CHAPTER XVIII. He has opened our eyes to Most of this chapter is parallel the mighty Sun, which is at the with parts of Mat. xxvi., Mark xiv., centre of our moral system, around and Luke xxii., where full explanawhich all move, which binds all tions are given. together, and all to itself, and which 1. He went forth. It is not stated sends out light and heat to cheer, where he was when he discoursed warm, and bless, the whole surround- and prayed with his disciples; while ing universe. — Will declare it. He some conjecture that he was still would yet farther reveal God to in the supper-room, or an adjoining them at his death, in his resurrec- apartment; others suppose that he tion and its succeeding events, and had already gone out of the city by the descent of the Holy Spirit. with the eleven, and was in the

And I in them. The last note of garden. Chap. xiv. 31. — Cedron, or,

race.

2 which he entered, and his disciples. And Judas also, which be

trayed him, knew the place: for Jesus ofttimes resorted thither 3 with his disciples. Judas then, having received a band of men

and officers from the chief-priests and Pharisees, cometh thither 4 with lanterns, and torches, and weapons. Jesus therefore,

knowing all things that should come upon him, went forth, and 5 said unto them, Whom seek ye? They answered him, Jesus of

Nazareth. Jesus saith unto them, I am he. And Judas also, 6 which betrayed him, stood with them. As soon then as he had

said unto them, I am he, they went backward, and fell to the 7 ground. Then asked he them again, Whom seek ye? And they 8 said, Jesus of Nazareth. Jesus answered, I have told you that I am 9 he. If therefore ye seek me, let these go

their way: that the saying might be fulfilled which he spake, Of them which thou gavest

Kedron, or, Kidron, 2 Sam. xv. 23; to meet them. He encountered his 2 Kings xxiii. 6,12; derived from a enemies with the frankness of an Hebrew word, meaning turbid ; per- innocent man, with the resigned dishaps from the filth of the city, that position of one who sought not his flowed into it. It is also called the own will, but the will of God. valley of Jehoshaphat, and runs 6. They went backward, and fell to south-easterly into the Dead Sea. the ground. It is a question not eaNo water flows in it, and probably sily settled how, and why, this took never did, except in the rainy sea- place. Those who suppose that a son, and not constantly, even then, miracle was wrought to prostrate according to the testimony of resi- the hostile force upon the ground, dents. See Robinson's Travels. hold that it was done to show that Garden. Called in Matthew the Jesus voluntarily surrendered himgarden of Gethsemane. It was at self, when he might have miracuthis point of time that the Agony of lously resisted and escaped; or to Jesus, as it is termed, occurred. give his disciples time to flee. , But Entered. Or, was accustomed to go. on the other hand, it is easier and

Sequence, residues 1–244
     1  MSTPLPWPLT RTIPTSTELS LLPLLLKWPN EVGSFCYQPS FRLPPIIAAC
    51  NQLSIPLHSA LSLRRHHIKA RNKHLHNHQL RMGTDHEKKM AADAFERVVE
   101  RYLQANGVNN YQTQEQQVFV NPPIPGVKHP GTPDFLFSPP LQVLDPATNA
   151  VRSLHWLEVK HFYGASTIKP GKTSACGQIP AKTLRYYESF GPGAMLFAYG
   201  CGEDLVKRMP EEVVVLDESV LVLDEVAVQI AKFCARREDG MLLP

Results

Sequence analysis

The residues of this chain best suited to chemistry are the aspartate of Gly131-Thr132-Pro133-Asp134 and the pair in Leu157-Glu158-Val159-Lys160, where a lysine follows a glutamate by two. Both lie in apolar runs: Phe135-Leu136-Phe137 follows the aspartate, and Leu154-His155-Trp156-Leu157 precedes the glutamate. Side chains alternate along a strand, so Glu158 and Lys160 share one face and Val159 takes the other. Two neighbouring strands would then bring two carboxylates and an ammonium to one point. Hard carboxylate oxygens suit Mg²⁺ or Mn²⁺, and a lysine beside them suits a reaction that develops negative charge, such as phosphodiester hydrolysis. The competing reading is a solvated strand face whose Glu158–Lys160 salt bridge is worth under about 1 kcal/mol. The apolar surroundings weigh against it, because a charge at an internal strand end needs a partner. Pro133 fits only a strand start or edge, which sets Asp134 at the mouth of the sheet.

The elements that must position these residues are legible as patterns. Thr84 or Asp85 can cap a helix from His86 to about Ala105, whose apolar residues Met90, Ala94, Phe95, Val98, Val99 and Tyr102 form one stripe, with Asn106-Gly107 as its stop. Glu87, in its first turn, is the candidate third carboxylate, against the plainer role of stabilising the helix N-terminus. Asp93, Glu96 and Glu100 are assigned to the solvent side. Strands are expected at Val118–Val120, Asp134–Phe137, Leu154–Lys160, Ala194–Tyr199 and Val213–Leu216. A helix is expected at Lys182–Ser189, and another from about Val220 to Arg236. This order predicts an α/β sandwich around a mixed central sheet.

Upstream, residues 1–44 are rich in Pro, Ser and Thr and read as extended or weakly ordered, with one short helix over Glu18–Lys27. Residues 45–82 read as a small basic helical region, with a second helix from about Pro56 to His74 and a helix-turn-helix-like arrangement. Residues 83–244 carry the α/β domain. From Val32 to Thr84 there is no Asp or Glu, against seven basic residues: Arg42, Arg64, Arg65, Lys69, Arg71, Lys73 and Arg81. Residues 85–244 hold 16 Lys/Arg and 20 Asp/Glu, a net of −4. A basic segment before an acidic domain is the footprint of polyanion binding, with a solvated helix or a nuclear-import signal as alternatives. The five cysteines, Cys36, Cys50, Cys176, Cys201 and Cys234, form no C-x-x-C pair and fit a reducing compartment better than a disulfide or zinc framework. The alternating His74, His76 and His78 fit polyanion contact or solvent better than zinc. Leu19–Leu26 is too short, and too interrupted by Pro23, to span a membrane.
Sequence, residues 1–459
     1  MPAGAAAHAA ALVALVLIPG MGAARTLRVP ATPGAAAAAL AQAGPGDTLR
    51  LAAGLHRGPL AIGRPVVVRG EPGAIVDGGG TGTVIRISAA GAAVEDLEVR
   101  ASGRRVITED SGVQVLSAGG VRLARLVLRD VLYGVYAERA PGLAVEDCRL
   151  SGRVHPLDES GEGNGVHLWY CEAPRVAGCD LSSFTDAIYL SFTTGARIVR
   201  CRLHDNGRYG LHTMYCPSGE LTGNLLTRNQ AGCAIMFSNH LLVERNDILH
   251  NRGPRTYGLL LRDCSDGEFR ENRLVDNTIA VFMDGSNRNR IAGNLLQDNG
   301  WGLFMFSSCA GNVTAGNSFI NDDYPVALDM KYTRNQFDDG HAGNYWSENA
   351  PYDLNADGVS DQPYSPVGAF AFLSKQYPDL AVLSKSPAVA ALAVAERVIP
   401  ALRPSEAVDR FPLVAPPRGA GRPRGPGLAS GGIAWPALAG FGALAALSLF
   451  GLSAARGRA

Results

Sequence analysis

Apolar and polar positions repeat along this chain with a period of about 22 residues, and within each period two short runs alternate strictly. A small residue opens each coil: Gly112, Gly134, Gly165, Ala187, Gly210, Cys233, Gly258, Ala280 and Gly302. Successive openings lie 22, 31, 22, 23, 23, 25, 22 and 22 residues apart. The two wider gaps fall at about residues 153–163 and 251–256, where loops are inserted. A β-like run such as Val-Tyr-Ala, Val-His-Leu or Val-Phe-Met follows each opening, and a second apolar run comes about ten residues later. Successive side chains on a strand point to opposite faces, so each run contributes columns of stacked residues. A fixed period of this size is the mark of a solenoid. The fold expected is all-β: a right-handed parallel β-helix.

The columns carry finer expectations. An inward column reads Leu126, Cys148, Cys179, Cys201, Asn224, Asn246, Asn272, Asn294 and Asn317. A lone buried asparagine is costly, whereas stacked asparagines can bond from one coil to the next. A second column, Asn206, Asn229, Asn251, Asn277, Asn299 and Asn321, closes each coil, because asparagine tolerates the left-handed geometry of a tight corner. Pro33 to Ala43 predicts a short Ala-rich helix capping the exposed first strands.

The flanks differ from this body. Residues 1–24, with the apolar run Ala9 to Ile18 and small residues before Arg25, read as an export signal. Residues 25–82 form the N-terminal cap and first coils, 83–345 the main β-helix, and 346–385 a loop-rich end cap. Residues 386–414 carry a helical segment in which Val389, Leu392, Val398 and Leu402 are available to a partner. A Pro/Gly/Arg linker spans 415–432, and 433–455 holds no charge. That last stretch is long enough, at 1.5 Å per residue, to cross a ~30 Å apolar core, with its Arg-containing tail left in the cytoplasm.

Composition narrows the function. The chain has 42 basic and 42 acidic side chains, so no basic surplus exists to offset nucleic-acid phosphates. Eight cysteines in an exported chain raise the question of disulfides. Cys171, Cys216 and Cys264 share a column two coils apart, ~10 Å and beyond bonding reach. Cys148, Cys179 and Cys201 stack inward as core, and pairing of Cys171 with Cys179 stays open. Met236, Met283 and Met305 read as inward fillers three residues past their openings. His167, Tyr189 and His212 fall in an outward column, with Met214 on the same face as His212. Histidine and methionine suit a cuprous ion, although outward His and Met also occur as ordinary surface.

3, 4. Band. Robinson regards it as better to interpret the passage, by an informal company from the guards viewing the company as smitten by of the temple, consisting of Levites, a momentary terror, and abashed at not the Roman cohort. It is evident the presence of one whom they had that resistance was apprehended. reason to think, could in an instant Lanterns and torches. Though it destroy them by a word. They were was now full moon, these were re- awed, too, by the sublime moral force quisite to identify their prisoner of Jesus, which they had felt before. among the trees and shrubbery of Chap. vii. 46. the garden. Knowing all things 8, 9. Let these go their way. He that should come upon him. The wishes to have his disciples exemptdistinct foreknowledge of his trials ed from his own fate, that they by Jesus, impresses us with a new might be the future preachers of his sense of the calm, deep fortitude of religion to the world.

The saying: his spirit in holding himself ready Chap. xvii. 12. These are the words

ear.

me, have I lost none. Then Simon Peter, having a sword, 10 drew it, and smote the high-priest's servant, and cut off his right

The servant's name was Malchus. Then said Jesus unto 11 Peter, Put up thy sword into the sheath: the

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which

my

Father hath given me, shall I not drink it?

Then the band, and the captain, and officers of the Jews took 12 Jesus, and bound him, and led him away to Annas first, (for he 13 was father-in-law to Caiaphas, which was the high-priest that same year.) Now Caiaphas was he which gave counsel to the 14 Jews, that it was expedient that one man should die for the people. - And Simon Peter followed Jesus, and so did another 15 disciple. That disciple was known unto the high-priest, and went in with Jesus, into the palace of the high-priest. But Peter 16 stood at the door without. Then went out that other disciple which was known unto the high-priest, and spake unto her that kept the door, and brought in Peter. Then saith the damsel 17 that kept the door unto Peter, Art not thou also one of this man's disciples? He saith, I am not. And the servants and officers 18